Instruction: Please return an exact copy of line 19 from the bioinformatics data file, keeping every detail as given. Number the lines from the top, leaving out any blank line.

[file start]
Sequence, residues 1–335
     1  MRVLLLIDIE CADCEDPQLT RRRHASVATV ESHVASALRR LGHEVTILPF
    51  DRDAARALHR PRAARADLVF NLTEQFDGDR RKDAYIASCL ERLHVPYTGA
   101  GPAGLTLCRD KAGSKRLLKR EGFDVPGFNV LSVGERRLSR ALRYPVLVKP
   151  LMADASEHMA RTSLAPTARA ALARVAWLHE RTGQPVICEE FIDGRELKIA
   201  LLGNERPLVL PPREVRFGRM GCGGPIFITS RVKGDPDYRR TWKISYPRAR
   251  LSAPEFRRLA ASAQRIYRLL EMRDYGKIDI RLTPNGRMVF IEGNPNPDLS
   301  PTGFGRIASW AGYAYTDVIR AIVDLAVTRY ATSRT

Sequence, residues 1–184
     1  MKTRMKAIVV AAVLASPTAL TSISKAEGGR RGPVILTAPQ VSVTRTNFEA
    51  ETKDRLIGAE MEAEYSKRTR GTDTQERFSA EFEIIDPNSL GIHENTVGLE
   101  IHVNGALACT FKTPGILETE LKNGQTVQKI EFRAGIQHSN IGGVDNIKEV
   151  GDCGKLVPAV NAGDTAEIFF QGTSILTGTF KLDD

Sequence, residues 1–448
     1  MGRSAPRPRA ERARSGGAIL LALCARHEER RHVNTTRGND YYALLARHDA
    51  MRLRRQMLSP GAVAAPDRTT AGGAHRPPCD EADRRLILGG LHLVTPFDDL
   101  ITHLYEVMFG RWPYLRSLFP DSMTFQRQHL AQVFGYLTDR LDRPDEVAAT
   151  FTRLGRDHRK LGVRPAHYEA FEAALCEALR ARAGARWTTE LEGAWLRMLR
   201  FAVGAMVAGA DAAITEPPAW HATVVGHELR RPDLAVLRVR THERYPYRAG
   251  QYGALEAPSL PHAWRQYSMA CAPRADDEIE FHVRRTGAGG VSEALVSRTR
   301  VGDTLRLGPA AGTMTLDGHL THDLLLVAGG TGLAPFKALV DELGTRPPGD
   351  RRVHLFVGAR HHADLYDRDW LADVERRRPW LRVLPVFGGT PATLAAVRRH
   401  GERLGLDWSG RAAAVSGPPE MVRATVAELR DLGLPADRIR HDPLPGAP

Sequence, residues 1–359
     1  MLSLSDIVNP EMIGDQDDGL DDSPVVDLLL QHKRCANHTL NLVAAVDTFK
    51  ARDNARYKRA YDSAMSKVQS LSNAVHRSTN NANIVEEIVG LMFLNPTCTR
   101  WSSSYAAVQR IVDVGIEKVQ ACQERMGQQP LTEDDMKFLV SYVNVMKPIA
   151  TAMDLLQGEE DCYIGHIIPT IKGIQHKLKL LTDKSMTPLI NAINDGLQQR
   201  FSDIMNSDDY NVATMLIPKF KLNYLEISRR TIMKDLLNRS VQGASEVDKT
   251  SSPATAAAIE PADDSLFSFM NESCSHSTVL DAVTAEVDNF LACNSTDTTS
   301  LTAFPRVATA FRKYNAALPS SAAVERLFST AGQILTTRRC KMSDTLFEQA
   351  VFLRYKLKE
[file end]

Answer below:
   201  FAVGAMVAGA DAAITEPPAW HATVVGHELR RPDLAVLRVR THERYPYRAG